Md. unemployment reform proves tough sell

By Andy Rosen

Reforming Maryland’s jobless aid system was supposed to be easy.

When Gov. Martin O’Malley outlined his emergency overhaul to the state’s unemployment system last month, some in the General Assembly believed they could pass it within the first week of the legislative session.

That hasn’t happened, and now there are questions about whether the key component of the legislation will make it through at all this year. The so-called “alternative base period,” has met with furious opposition from the businesses who pay unemployment taxes. Those taxes have tripled for many employers this year, as the state’s reserve set aside to pay benefits become depleted.

The move would allow the state to calculate unemployment benefits based on the most recent pay, which would increase payments for many recipients.

O’Malley had hoped that businesses would buy the plan, because it would make the state eligible for federal cash that he would then use to lower unemployment taxes by about $83 million. Opponents of the move have gained the attention of key lawmakers, and supporters disagree with much of the business agenda.

Del. Dereck Davis, D-Prince George’s, chairman of the House Economic Matters Committee, said he didn’t know what could happen to the bill. It could pass as a compromise, he said. It could potentially even wait until next year, because the federal money would remain on the table.

But he said it is too early to handicap it.

“There are very real issues raised by the business community, and a number of my colleagues are very sympathetic to those issues that have been raised,” Davis said. “So I would say everything’s on the table at this point. We could pass the bill, we could amend it, and even, yes, it could be tabled until next year.”

Without the alternative base period, the state wouldn’t be able to get the federal cash, but businesses say they can live without the aid. Ellen Valentino, Maryland director of the National Federation of Independent Business, said putting the bill on hold for a year might allow for a better resolution

“This does not have to be done this year” she said. “At this point in time, I wonder if the best course of action isn’t to take a pause.”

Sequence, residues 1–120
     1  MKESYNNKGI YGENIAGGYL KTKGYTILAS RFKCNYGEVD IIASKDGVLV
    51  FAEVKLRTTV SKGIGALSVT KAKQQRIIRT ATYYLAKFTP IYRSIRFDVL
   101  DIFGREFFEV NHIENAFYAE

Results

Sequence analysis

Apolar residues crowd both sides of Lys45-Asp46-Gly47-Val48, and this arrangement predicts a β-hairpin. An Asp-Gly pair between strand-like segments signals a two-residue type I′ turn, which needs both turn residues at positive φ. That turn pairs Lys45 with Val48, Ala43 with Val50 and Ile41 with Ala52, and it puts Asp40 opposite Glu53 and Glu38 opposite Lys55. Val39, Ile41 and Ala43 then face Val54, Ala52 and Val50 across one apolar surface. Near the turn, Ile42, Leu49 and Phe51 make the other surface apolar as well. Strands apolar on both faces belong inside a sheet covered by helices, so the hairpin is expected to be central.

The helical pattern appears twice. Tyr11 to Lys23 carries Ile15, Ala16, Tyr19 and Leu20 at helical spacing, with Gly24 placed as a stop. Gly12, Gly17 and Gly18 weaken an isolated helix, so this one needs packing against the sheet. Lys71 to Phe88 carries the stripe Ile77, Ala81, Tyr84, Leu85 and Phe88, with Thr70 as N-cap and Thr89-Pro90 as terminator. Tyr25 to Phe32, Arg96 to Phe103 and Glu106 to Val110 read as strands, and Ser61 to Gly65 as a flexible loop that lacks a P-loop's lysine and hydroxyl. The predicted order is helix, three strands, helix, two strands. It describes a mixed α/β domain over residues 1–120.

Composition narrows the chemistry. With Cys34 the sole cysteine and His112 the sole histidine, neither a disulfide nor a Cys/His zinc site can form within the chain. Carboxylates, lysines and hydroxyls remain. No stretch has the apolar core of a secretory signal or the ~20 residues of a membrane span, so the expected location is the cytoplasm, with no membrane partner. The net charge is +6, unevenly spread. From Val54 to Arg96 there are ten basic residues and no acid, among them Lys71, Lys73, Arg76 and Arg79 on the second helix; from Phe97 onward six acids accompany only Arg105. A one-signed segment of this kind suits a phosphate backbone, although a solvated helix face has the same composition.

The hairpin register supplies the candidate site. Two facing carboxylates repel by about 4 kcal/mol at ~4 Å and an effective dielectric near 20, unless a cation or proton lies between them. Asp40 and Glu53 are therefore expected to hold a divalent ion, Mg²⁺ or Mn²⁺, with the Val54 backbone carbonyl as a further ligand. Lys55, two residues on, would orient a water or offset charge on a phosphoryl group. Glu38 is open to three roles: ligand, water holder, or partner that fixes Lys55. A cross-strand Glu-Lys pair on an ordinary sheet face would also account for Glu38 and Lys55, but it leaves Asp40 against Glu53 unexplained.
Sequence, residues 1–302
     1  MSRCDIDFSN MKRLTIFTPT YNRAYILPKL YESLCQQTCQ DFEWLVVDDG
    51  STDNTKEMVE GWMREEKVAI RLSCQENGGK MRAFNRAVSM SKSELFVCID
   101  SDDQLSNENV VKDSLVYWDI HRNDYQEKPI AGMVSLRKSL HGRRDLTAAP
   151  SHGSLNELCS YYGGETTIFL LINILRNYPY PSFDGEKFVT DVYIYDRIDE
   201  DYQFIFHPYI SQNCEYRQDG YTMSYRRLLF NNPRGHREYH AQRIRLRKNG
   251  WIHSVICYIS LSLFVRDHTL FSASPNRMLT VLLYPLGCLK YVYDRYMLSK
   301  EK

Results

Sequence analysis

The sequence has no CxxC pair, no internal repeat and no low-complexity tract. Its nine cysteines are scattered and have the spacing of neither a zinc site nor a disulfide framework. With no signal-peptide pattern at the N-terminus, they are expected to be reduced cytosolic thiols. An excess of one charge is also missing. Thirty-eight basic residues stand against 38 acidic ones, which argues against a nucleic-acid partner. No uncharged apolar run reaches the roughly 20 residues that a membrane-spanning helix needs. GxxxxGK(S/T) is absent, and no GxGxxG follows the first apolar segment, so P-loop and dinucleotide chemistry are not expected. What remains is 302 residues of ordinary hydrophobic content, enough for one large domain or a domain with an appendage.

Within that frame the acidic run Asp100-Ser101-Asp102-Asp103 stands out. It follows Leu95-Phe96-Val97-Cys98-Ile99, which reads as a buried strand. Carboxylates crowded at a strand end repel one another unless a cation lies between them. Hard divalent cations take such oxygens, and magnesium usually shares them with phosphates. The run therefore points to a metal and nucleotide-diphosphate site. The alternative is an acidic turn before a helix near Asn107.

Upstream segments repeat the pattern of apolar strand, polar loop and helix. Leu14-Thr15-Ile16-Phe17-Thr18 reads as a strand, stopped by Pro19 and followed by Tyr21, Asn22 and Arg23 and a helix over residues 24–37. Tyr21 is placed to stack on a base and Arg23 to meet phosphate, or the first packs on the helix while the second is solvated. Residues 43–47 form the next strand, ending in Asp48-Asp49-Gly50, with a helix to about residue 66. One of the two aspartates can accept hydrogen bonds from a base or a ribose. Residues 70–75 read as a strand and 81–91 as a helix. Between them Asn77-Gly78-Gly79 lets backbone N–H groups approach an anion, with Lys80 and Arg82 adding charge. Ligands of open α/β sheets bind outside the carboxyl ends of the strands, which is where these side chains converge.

Business advocates are more concerned about the long-term cost of the bill, which would add about $20 million per year in liability for the unemployment fund. They say the tax cut would likely be temporary, but the long-term cost would linger.

Both Davis and Senate Finance Committee Chairman Thomas “Mac” Middleton, D-Charles, say they’re willing to look at ways to offset the cost of the legislation to the unemployment fund. Some of those options, proposed by the Maryland Chamber of Commerce, include a week-long waiting period before unemployed workers can apply for benefits.

The chamber also proposed an elimination of “sick claims,” which allow unemployed workers to take a break from seeking work if they are ill. One of the more controversial moves proposed by the group is an elimination of the $8 per week credit that the unemployed get per dependent.

Labor groups and other bill supporters won’t support those moves — at least not all of them — which will make negotiating difficult.

“I think the governor is being very fair to both business and workers,” said Ernie Grecco, president of the Baltimore AFL-CIO. He said he would not accept a reduction to the dependent benefit, and pointed out that it is only effective for workers who don’t get the maximum benefit of $410 per week already.

Many bill supporters argue that the federal government will require the alternative base period at some point anyway, so the state should take the money while it can. But that’s not softening the business lobby’s push. They say the fund’s liabilities need to be scaled back anyway, so they’re going to push for the benefit reductions with or without the change in how benefits are calculated.

About The Author

Len Lazarick

Len Lazarick was the founding editor and publisher of and is currently the president of its nonprofit corporation and chairman of its board He was formerly the State House bureau chief of the daily Baltimore Examiner from its start in April 2006 to its demise in February 2009. He was a copy editor on the national desk of the Washington Post for eight years before that, and has spent decades covering Maryland politics and government.